EGU21-6117, updated on 28 Jun 2021
EGU General Assembly 2021
© Author(s) 2021. This work is distributed under
the Creative Commons Attribution 4.0 License.

Glacial-driven sea-level changes in the Late Triassic

Meng Wang1, Mingsong Li2, David B. Kemp3, and Slah Boulila4
Meng Wang et al.
  • 1School of Earth Resources, China University of Geosciences, Wuhan, China
  • 2School of Earth and Space Sciences, Peking University, Beijing, China
  • 3State Key Laboratory of Biogeology and Environmental Geology, School of Earth Sciences, China University of Geosciences, Wuhan, China
  • 4Sorbonne Université, CNRS, Institut des Sciences de la Terre de Paris, ISTeP, Paris, France

Projecting future anthropogenic sea-level rise requires a comprehensive understanding of the mechanistic links between climate and short-term sea-level changes under a warming climate. Two different hypotheses, glacioeustasy and groundwater aquifer eustasy, have been proposed to explain short-term, high amplitude sea-level oscillations during past greenhouse intervals. However, the aquifer eustasy hypothesis – supported by subjective evidence of sequence stratigraphy in the Late Triassic greenhouse, has never been rigorously tested. Here we test these competing hypotheses using a recently proposed, objective approach of sedimentary noise modeling for both sea- and lake-level reconstructions for the first time. Sedimentation rate estimates and astronomical calibration of multiple paleoclimate proxies from the lacustrine Newark Basin and the marine Austrian Alps enable the construction of a highly resolved astronomical time scale for the Late Triassic. Using this timescale, sedimentary noise modeling for both lacustrine and marine successions is carried out through the Late Triassic. Lake level fluctuations reconstructed by sedimentary noise modeling and principal component analysis revealed that million-year scale lake-level variations were linked to astronomical forcing with periods of ~3.3 Myr, ~1.8 Myr, and ~1.2 Myr. Our objective water-depth reconstructions demonstrate that lake-level variations in the Newark Basin correlate with sea-level changes in the Austrian Alps, rejecting the aquifer eustasy hypothesis and supporting glacioeustasy as the sea-level driver for the Late Triassic. This study thus emphasizes the importance of high-resolution, objective reconstruction of sea- and lake-levels and supports the hypothesis that fluctuations in continental ice mass drove sea-level changes during the Late Triassic greenhouse.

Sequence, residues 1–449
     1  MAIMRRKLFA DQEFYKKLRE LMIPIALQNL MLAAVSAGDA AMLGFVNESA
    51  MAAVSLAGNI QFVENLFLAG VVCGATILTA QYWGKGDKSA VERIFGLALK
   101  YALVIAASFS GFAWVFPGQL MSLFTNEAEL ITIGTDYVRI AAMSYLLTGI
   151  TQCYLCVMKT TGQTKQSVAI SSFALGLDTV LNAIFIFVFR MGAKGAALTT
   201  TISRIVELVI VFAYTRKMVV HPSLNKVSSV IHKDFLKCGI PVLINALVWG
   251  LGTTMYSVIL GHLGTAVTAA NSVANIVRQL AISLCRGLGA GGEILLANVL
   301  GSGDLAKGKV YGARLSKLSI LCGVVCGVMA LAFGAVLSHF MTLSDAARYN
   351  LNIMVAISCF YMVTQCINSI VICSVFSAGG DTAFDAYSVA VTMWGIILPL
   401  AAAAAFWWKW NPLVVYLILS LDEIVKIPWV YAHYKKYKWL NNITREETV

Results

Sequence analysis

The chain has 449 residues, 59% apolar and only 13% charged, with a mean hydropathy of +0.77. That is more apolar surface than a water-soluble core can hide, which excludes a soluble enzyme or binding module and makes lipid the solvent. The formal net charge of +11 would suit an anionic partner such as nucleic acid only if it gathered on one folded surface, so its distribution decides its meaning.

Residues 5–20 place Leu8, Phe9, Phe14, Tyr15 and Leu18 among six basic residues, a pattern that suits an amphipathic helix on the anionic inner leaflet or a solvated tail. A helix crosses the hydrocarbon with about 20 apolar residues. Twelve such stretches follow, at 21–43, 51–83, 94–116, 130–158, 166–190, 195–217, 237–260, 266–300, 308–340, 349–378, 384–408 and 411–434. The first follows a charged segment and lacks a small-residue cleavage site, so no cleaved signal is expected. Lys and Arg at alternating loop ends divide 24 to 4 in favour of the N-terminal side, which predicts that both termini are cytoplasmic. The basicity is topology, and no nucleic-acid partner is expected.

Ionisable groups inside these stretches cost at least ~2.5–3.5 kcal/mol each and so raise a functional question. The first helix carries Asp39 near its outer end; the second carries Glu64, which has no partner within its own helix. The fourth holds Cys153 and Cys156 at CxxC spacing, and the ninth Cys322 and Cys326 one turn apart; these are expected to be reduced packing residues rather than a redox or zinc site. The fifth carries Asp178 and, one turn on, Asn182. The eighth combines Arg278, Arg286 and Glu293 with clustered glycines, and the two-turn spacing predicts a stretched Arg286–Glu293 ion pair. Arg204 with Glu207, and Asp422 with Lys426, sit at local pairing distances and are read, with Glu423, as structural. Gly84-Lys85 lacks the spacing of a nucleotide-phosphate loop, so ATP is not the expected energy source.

How to cite: Wang, M., Li, M., Kemp, D. B., and Boulila, S.: Glacial-driven sea-level changes in the Late Triassic, EGU General Assembly 2021, online, 19–30 Apr 2021, EGU21-6117,, 2021.

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